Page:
If 9/11/01 did anything it made us take notice of a religion most of us had been ignoring up until that point. Within a short period of time we had to grapple with how to understand this religion that until then didn’t seem to affect the price of tea in China, as the saying goes. One thing we did know, and that’s that Muslims did have something to do with the price of a gallon of gas. If there had been no oil shortage like there was during the Carter administration then we rarely had much reason to think about this religion.
Since 9/11 our national narrative has shifted, especially with ISIS exploding on the scene and giving us graphic videos of ruthless, knife wielding barbarians who all seem to have this in common: they are Muslim, devout ones it seems, and they hate Americans. They really hate Christians and Jews.
Whatever they do, they do as only Muslims do, by proclaiming “Allahu Akbar,” God is Great! The rest of the world looks at what they do and hear them say “God is Great” and think, “If this is the best your God can do to be great I don’t want anything to do with him.”
While President Bush was telling us the radicals did what they did because they hate freedom, he was careful not to make the struggle out to be another Holy War against Islam. American religious leaders, on the other hand, were promoting a narrative that impugned the motives of not just a few radicals, but everyone who followed Mohammad, and affirmed something to the effect that it was the forces of good against the forces of evil, Christian America against the Muslim Middle East. Two months after 9/11 Franklin Graham went on NBC Nightly News declaring that “the God of Islam is not our God … I believe it is a very evil and wicked religion.” (11/16/01) In 2014, Graham told Christianity Today that when he looked at terror groups like the Islamic State, the Taliban and Boko Haram, he thought: “This is Islam. It has not been hijacked by radicals. This is the faith, this is the religion. It is what it is. It speaks for itself.” Islam, he added, hasn’t changed in 1,400 years. “It is the same,” he said. “It is a religion of war.”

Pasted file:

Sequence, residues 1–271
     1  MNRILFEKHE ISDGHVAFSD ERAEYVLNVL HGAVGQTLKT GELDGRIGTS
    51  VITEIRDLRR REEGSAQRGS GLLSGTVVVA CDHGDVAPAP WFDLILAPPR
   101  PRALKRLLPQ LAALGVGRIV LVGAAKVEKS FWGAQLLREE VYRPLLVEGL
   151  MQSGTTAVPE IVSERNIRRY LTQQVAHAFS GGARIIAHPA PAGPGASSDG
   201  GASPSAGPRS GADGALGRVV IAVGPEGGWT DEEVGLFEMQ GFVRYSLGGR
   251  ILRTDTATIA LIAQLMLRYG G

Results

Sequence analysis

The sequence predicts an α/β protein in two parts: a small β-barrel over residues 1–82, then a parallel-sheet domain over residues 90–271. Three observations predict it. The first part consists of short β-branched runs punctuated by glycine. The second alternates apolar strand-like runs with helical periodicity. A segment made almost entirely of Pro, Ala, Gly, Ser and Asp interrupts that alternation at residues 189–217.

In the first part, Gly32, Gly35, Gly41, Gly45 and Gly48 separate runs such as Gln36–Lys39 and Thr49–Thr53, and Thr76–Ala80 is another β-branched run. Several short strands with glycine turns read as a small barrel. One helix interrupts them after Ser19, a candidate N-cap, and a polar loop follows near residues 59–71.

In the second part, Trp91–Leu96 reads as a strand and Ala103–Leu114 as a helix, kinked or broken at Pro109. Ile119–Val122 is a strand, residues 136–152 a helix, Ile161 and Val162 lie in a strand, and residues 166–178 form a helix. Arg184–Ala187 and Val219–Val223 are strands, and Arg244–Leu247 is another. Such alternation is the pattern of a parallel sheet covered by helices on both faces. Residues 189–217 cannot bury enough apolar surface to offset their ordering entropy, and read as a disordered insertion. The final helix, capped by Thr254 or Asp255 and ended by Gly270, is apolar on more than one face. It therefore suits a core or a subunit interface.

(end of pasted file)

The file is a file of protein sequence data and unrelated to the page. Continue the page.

Benny Hinn, speaking to thousands of Christians at a conference at the American Airlines Center in Dallas, Texas, said, “We are on God’s side: this is not a war between Arabs and Jews, this is a war between God and the devil.” (6/29/02) Jerry Falwell went on 60 Minutes denouncing Mohammad as “a terrorist.” (10/6/02) In 2005 Pat Robertson declared that the entire world was caught in a religious struggle over “whether Hubal the Moon God of Mecca, know as Allah, is supreme, or whether the Judeo-Christian Jehovah God of the Bible is Supreme.”
While U.S. President George W. Bush had a more moderate approach, saying: “The face of terror is not the true faith of Islam. That’s not what Islam is all about. Islam is peace. These terrorists don’t represent peace. They represent evil and war,” a poll of United States Evangelical Protestant leaders taken in 2002 revealed that only 10% agreed with Bush that Islam is a religion of peace and nearly half agreed that the war against terrorism is basically a war between the West and Islam.
Coming next: CHAPTER 3 – The Common Narrative